To determine whether the genes on the yts1 cluster are transcribed, reverse transcription analysis was carried out for the yts1D gene for bacteria grown in LB medium at 27 and at 37°C. As positive controls, the ail and inv genes (optimally transcribed at 37 and 23°C, respectively) were analyzed in parallel. The yts1D gene yielded a positive transcript for culture grown at 37°C, whereas very basal transcription occurred at 27°C (see Fig. Fig.2).2).

FIG. 2.
Reverse transcription analysis of the yts1D and yts2D genes at 27 and at 37°C. Lanes: 1, marker; 2, ail at 37°C; 4, inv at 27°C; 6, yts1D at 27°C; 8, yts1D at 37°C; 10, yts2D at 27°C; 12, yts2D at 37°C. ...

Next, we determined the presence of the yts1 genes in diverse Yersinia strains. As seen in Fig. Fig.3,3, it is evident that the Yts1 secreton is exclusive to the HP Y. enterocolitica strains (Y. enterocolitica serotypes O:8, O:13, O:20, and O:21). The tested LP isolates (Y. enterocolitica serotypes O:3 and O:9) and several Y. pestis and Y. pseudotuberculosis strains did not hybridize to the yts1E probe. This observation was consistent with results from high-stringency PCRs employing primers for several genes on the cluster: among the different yersiniae, only the HP Y. enterocolitica strains tested positive (Fig. (Fig.4A).4A).

FIG. 3.
Distribution of yts1 secretion cluster among different Yersinia species determined by Southern blot hybridization employing yts1E as probe. Lanes: 1, Y. pestis TS; 2, Y. pestis KIM; 3, Y. pestis KUMA; 4, Y. pseudotuberculosis O:1a; 5, Y. pseudotuberculosis ...
FIG. 4.
Presence of the yts1D (A) and yts2D (B) genes among different Yersinia representatives. PCR was performed on purified chromosomal DNA with oligonucleotide primers specific for the yts1D and yts2D genes, respectively. Lanes: 1, Y. pseudotuberculosis H141/84; ...

Interestingly, the closely related Y. enterocolitica serotype O:8 strains, WA-314 and 8081, showed differences in gene arrangement bordering the yts1 cluster. In WA-314, a novel IS element, IS1330 (29), is upstream of the yts1 cluster, whereas in strain 8081, it is lacking in the proximity of the yts1 cluster (see Fig. Fig.11).

A species-specific type II secretion cluster distributed among all Y. enterocolitica serotypes.

Interest in identifying a second secretion cluster that would uniformly cut across the Y. enterocolitica strains without preference to the pathogenic species led us to look closely at the almost-completed sequence genome of Y. enterocolitica 8081. A search in the Sanger Center Y. enterocolitica database GenBank revealed a putative second secretion cluster designated yts2 here (Fig. (Fig.1).1). Genomic probing of representative Yersinia strains through PCRs revealed the presence of this putative type II secretion cluster among all tested Y. enterocolitica strains (nonpathogenic, LP and HP strains alike), whereas Y. pseudotuberculosis and Y. pestis tested negative for the presence of the genes of this cluster (Fig. (Fig.4B).4B). Reverse transcription analysis of the yts2D gene (using RNA isolated from cells grown in LB medium at 27 and 37°C) revealed a positive transcript at 27°C, whereas transcription was basal at 37°C (Fig. (Fig.2).2). The ORFs encoded by this cluster bear homology to those previously described except for the absence of some proteins, notably homologues of the H, M, and S proteins. Figure Figure11 presents an overview of the two type II secretion clusters identified here and a comparison with other closely related systems in V. cholerae, E. coli, and Y. pestis.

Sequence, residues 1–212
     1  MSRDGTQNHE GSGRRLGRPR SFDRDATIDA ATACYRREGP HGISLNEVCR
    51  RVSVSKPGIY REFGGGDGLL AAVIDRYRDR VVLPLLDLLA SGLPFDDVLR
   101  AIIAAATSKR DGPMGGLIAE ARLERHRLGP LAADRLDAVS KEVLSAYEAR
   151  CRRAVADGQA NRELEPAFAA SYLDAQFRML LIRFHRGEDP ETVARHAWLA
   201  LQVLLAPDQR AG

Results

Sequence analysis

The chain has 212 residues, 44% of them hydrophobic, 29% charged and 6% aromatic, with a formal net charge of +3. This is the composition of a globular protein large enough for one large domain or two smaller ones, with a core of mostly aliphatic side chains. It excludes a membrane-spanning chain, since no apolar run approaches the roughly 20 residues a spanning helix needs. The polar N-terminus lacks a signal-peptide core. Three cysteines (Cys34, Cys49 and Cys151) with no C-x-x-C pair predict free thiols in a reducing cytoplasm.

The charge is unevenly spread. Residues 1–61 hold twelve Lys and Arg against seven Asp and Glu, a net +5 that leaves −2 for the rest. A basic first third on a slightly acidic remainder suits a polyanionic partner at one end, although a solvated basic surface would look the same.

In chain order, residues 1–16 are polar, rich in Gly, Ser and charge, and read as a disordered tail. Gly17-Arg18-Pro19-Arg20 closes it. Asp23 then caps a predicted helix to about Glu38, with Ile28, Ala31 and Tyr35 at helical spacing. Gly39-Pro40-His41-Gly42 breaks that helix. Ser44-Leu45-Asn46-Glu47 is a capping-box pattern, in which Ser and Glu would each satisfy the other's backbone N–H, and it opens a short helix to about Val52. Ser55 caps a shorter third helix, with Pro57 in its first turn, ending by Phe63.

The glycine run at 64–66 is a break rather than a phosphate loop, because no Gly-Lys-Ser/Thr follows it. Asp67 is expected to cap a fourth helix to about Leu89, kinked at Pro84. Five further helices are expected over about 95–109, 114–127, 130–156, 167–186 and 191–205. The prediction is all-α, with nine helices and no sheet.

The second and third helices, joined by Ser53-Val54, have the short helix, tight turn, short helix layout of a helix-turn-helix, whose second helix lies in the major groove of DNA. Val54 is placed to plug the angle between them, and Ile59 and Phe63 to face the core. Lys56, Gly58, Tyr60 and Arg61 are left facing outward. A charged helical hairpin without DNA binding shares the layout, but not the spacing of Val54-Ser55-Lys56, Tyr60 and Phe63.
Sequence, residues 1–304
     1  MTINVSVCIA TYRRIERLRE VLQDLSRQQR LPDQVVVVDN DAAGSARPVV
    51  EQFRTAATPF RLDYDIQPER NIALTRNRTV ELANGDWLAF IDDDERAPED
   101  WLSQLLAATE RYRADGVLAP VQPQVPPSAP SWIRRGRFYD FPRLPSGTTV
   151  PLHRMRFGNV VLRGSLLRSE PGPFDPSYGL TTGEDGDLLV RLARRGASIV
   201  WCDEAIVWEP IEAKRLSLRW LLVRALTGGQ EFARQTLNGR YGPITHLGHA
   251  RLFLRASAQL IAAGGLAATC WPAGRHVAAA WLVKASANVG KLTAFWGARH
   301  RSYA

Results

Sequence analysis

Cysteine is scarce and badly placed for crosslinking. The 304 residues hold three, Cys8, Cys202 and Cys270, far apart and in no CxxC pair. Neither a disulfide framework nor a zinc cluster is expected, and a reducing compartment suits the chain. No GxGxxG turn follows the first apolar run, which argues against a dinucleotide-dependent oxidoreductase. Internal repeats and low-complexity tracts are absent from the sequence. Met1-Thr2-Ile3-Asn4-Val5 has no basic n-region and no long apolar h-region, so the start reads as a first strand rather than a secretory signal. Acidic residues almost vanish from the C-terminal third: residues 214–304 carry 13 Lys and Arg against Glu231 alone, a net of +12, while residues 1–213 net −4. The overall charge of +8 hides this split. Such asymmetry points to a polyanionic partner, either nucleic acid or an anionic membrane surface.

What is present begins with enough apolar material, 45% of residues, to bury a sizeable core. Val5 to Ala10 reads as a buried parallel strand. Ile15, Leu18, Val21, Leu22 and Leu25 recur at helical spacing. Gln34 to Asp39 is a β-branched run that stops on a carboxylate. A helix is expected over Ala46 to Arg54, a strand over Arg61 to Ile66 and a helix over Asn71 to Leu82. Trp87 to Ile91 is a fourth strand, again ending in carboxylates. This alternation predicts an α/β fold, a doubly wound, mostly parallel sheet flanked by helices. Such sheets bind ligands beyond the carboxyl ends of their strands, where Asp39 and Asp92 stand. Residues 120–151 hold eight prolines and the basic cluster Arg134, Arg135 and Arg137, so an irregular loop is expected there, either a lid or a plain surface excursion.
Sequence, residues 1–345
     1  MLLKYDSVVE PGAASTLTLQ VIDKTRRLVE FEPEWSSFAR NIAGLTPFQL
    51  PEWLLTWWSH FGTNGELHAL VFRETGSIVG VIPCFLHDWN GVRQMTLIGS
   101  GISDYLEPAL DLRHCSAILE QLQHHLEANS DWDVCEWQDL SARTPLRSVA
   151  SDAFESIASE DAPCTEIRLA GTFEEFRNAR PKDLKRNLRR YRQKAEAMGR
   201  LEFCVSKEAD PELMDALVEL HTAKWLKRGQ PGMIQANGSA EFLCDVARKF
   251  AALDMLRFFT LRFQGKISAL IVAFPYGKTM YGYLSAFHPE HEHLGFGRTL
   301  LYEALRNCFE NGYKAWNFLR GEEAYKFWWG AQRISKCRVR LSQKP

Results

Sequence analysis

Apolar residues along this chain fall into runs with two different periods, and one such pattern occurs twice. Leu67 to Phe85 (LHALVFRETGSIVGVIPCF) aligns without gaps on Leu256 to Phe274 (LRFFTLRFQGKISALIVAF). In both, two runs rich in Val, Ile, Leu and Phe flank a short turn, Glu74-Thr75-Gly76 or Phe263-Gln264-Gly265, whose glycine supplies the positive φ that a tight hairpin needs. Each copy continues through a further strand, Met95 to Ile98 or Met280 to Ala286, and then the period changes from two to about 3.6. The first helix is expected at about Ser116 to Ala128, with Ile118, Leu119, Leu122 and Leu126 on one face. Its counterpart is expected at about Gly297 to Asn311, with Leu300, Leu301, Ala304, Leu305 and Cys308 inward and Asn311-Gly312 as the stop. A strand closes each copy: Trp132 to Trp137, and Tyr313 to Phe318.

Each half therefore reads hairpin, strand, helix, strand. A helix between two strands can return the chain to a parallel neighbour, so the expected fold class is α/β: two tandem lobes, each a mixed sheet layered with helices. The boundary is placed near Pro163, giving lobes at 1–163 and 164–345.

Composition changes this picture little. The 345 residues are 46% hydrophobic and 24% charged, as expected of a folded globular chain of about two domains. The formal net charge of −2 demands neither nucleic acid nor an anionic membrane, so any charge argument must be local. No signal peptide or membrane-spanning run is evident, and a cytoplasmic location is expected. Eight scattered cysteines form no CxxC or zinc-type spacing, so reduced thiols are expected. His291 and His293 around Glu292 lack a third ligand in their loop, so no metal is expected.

The G+C content of the genes on this species-specific yts2 cluster differs from that of the yts1C-S cluster (restricted to HP strains), having a 33% versus a 48% G+C content, respectively. Strikingly, the yts2 cluster shared the greatest homology (50 to 65%) with the type II secretion system (designated in Fig. Fig.11 as typIIYP) identified on the Y. pestis CO-92 genome (35). For example, the yts2D gene was 63% homologous to the Y. pestis typIIYPD gene (in contrast, the yts1D gene was only 48% homologous to its counterpart on the Y. pestis genome). The G+C content of the typIIYP cluster was also unusually low (34%); however, only the yts1M gene homologue was absent from this cluster, whereas the yts1H and yts1S gene homologues were present.